Cell Junctions, Structure, Function, and Regulation
331
provide the physical link at cell–matrix
junctions.
1.3
Integrins
1.3.1
The Integrin Family
Integrins comprise a large family of cell
surface proteins. They are heterodimeric
transmembrane receptors for ECM pro-
teins (Fig. 2). Each integrin contains one
α
-subunit and one
β
-subunit. Both
α
-
and
β
-subunits pass through the plasma
membrane, and each subunit contains a
relatively large extracellular segment with
a globular ligand-binding domain. Most
α
-and
β
-subunits also contain relatively
small intracellular domains (cytoplasmic
domains or tails) consisting of from 13 to
70 amino acids. The exception is the
β
4
subunit cytoplasmic domain, which con-
tains 1000 amino acids.
Integrins are highly evolutionarily con-
served. Integrin homologs have been iden-
ti±ed in all metazoans from flies and
nematodes to humans. In mammals, there
are currently 8 known
β
-subunits and 18
α
-subunits that heterodimerize in differ-
ent combinations to generate 24 distinct
integrin heterodimers (Table 4). Several
integrin subunits can be modi±ed by al-
ternative splicing, further adding to the
complexity of the integrin family. The spe-
ci±c combination of
α
-and
β
-subunits de-
termines ligand-binding speci±city. Some
integrins are speci±c for a single compo-
nent of the ECM, such as the
α
5
β
1
integrin
that binds only to ±bronectin. Most inte-
grin heterodimers can bind to more than
one extracellular matrix component. The
α
v
β
3
integrin is one of the more promis-
cuous integrins; it binds to vitronectin,
±bronectin, and ±brinogen, among other
ECM components.
Most
cells
express
several
different
integrin heterodimers allowing them to
interact with multiple components of the
ECM, and a cell’s integrin repertoire can
be regulated both developmentally and in
response to changes in the physiological
environment.
Although
most
integrin
heterodimers are expressed by a variety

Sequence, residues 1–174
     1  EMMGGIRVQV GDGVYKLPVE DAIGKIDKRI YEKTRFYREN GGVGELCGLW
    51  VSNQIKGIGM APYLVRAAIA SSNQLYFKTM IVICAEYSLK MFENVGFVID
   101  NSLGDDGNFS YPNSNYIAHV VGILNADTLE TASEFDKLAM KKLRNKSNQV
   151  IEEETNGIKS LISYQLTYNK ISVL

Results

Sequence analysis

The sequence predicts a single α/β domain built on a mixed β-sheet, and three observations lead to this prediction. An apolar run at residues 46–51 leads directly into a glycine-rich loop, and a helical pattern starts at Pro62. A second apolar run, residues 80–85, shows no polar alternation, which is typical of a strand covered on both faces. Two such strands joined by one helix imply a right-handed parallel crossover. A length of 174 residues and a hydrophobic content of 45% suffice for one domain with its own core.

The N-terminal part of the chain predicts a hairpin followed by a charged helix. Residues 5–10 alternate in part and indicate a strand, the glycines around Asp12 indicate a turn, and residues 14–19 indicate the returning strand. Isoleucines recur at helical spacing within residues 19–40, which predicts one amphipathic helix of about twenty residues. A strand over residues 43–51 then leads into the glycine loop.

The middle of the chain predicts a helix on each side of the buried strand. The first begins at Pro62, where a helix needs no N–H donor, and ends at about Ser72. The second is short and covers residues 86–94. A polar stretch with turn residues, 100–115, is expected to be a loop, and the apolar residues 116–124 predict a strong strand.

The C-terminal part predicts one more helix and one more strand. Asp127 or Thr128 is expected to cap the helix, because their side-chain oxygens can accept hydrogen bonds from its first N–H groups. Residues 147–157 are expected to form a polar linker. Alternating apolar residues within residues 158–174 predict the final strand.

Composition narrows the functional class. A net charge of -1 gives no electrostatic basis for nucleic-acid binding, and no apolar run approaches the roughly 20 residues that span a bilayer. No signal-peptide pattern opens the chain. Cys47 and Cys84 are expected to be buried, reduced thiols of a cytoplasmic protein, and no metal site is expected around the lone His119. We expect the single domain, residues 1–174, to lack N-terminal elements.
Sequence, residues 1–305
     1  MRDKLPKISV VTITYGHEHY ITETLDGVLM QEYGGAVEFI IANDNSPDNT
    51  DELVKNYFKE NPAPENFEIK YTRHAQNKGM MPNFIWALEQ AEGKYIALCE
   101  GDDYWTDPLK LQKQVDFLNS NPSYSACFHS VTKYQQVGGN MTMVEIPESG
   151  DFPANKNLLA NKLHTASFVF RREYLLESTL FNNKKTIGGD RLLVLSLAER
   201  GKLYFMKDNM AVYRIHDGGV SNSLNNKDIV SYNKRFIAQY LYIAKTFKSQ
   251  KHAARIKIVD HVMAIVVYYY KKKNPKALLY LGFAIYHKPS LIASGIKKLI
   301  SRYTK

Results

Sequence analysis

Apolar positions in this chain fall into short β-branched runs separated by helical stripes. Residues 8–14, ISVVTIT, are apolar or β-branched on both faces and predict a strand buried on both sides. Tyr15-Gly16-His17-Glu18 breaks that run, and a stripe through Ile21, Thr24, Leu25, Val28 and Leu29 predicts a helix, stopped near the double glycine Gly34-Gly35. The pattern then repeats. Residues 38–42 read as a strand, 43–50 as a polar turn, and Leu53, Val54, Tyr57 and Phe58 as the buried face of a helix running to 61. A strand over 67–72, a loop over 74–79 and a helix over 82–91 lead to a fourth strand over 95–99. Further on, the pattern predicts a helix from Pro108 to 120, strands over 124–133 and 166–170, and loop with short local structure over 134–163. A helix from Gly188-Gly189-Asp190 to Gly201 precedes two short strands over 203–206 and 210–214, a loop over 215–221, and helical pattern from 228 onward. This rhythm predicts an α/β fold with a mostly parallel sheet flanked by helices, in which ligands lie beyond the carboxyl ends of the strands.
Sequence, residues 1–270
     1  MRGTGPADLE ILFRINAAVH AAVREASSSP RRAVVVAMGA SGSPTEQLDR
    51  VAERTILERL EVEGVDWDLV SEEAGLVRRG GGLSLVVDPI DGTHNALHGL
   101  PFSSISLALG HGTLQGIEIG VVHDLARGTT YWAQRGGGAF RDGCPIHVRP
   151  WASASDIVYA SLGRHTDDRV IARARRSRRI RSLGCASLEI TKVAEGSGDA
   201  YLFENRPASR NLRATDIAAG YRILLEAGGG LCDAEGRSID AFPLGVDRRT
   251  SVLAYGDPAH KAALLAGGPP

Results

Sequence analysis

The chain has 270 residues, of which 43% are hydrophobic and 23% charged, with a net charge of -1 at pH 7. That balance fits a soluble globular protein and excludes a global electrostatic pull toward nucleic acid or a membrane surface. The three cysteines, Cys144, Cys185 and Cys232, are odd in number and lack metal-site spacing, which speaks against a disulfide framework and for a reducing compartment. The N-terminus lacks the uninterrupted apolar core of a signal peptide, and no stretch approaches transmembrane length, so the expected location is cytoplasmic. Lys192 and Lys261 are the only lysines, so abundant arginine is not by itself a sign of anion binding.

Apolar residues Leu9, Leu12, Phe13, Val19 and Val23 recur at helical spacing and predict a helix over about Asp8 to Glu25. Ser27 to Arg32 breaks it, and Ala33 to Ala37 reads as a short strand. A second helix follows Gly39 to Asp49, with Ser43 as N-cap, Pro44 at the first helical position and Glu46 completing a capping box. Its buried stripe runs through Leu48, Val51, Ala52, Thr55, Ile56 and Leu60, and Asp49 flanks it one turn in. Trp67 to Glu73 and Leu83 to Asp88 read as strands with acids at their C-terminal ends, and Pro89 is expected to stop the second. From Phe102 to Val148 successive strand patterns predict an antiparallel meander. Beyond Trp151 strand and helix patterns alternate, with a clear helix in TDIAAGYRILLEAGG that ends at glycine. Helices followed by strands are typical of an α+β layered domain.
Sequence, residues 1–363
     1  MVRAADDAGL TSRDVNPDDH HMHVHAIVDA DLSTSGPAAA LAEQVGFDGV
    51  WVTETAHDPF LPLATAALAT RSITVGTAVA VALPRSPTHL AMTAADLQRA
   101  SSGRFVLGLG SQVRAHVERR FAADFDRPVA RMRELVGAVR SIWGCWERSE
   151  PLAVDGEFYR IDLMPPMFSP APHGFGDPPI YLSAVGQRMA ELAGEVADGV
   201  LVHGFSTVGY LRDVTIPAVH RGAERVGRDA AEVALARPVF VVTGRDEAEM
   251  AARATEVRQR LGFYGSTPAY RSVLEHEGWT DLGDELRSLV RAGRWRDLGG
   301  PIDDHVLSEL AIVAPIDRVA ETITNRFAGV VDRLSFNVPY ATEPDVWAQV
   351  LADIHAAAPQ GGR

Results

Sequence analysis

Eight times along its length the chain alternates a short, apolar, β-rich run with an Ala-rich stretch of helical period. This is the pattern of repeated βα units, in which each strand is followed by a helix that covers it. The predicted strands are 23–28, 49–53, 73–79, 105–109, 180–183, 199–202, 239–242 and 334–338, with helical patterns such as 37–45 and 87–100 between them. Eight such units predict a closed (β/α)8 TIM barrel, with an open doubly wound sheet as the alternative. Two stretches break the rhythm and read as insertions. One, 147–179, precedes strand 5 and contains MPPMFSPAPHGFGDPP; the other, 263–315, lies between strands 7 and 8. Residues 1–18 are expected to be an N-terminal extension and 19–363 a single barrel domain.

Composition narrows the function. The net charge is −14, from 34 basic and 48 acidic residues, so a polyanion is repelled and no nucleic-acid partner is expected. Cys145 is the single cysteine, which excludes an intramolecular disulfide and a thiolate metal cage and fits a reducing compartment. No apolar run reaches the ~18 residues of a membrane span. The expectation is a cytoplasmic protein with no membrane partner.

of cell types, some integrins are expressed
in a cell-type speci±c manner. The
α
IIb
β
3
integrin is expressed only in platelets. The
α
7
β
1
integrin is expressed exclusively in
neuronal cells and integrins containing the
β
2
subunit are expressed only by immune
cells also referred to as leukocytes.
The identi±cation of human hereditary
diseases involving mutations in genes en-
coding integrins, and the analysis of null
mutations in integrin genes in mice have
underscored the importance of integrin
receptors in physiological and develop-
mental processes. To date there are four
inherited disorders involving integrins.
Leukocyte adhesion de±ciency-1 (LAD1)
is caused by mutations in the integrin
β
2
subunit where affected individuals show
Fig. 2
Integrin heterodimer. Shown is a
schematic representation of an integrin
heterodimer. The typical small
cytoplasmic domains and large
extracellular domains of the
α
-and
β
-subunits are indicated by brackets.
The N-terminal globular domains of the
α
-and
β
-subunits that function in ligand
binding are indicated by a dashed box.
Plasma membrane
Extracellular domains
Cytoplasmic domains
ECM ligand
ab
previous page 1005 Encyclopedia of Molecular Cell Biology and Molecular Medicine read online next page 1007 Encyclopedia of Molecular Cell Biology and Molecular Medicine read online Home Toggle text on/off